This week, Rock Dog will hit theaters and there’s a chance it may be the first time your kid will ever see anyone shred, whammy, and rock out (aside from your epic air guitar solos). That’s fine, but wouldn’t you rather have your kid receive a real rock and roll primer? You know, instead of learning it all from a Tibetan Mastiff named Bodi (and a Dad in boxers who’s a few beers in)?
Rock may not be the best genre for kids to learn how to behave, but when put through the documentary lens, kids can learn inspiring messages from the art form. Here are 7 rock docs you can share with your kids if you’re looking to teach them a little history beyond the sign of the horns.
Don’t Stop Believin’: Every Man’s Journey
Replacing the lead singer of any band is like coming home to your kids with a new face. It’s unsettling, to say the least. But Journey felt they had to move on without their frontman, Steve Perry, and scoured the world to find Arnel Pineda. This doc follows Pineda’s, well … journey from a cover band in the Philippines to lead singer for the legendary band. Now your kids will have a better understanding of why you tear up when you hear she was just a small town girl, living in her lonely world.
Older kids may think Bob Marley is just that chilled out dude on t-shirts or the universal mascot of weed. But you know he’s more than that. Marley tells the Jamaican singer-songwriter’s moving story from the people who knew him best: family, friends, and the surviving members of The Wailers. Marley’s music influenced the world and made a profound impact on his country all of which is vividly captured in the film. Note: This is a film about Bob Marley, so if you don’t think you’re going to see weed being smoked or mentioned, then you’re probably high.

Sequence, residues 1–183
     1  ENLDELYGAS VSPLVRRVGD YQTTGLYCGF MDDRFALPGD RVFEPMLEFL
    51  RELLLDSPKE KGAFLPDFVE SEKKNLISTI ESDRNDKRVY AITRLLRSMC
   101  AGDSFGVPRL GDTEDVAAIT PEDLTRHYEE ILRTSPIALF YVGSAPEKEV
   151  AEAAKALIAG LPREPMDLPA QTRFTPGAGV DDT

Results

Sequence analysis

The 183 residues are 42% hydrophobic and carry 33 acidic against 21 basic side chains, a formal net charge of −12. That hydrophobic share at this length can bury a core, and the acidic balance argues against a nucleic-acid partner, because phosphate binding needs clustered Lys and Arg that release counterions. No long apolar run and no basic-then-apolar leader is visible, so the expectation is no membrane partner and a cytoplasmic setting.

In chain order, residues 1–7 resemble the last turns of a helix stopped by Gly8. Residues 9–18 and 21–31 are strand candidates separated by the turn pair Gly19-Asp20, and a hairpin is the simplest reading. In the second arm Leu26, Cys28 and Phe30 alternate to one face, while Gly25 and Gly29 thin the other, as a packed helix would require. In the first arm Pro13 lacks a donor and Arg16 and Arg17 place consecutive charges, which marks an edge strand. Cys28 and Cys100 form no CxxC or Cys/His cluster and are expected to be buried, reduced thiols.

It Might Get Loud
Jimmy Paige, The Edge, and Jack White walk into a room, talk about how amazing they are, play each other’s biggest hits and discuss in detail their love and inspirations for the almighty guitar. It’s amazing to see three GOATs shooting the breeze about their day jobs. But it’s ultimately cool to see Jimmy Paige (you can tell your kids he’s the grandpa of rock and roll) nerd out about old rock records. Note: Loud is available on Netflix through DVD.
Breaking A Monster
This movie isn’t a history lesson in rock legends like everything else on the list, but it’s firm 101 on what fame can do to a group of kickass teens. Monster follows three kids from Brooklyn who wanted to start a metal band. After performing on the streets of New York City, the kids end up opening for Metallica. It’s like Never Say Never, but without all the “I love you, girl!” stuff.
The London Rock N’ Roll Show
This concert movie chronicles major acts from rock’s early years in the 50s, performing in London’s Wembley Stadium, during the 70s. There’s not much more than that, but it’s a quick way to introduce your kid to Bo Diddly, Jerry Lee Lewis, Little Richard, Chuck Berry and a young Mick Jagger, in color and in one sitting. It’s a PG-version of Woodstock with less hippy-boobs and more Great Balls of Fire.
The Last Waltz
Considered as the greatest rock and roll music documentary of all time, Waltz is directed by Martin Scorsese and is The Band’s final live performance. With a slew of musical guests joining the show (from Bob Dylan, Neil Young and Muddy Waters) Waltz was really the first to capture a live performance and mix it with interviews with band members and other musicians. If you can get your kid through at least 10 minutes of this, then you’ll know they’re at least a little serious about rock and roll.
Stop Making Sense
The Talking Heads wanted to make a concert film, but also ditch all of the usual elements you would normally see. The result is a concert with no interviews with bandmates, just a well thought out live performance where the entire thing evolves from a small, simple beginning, to a visually striking stage show complete with a legendary over-sized suit. This is a great way to show your kid how awesome the 80s were even though there was no Wi-Fi.
This article was originally published on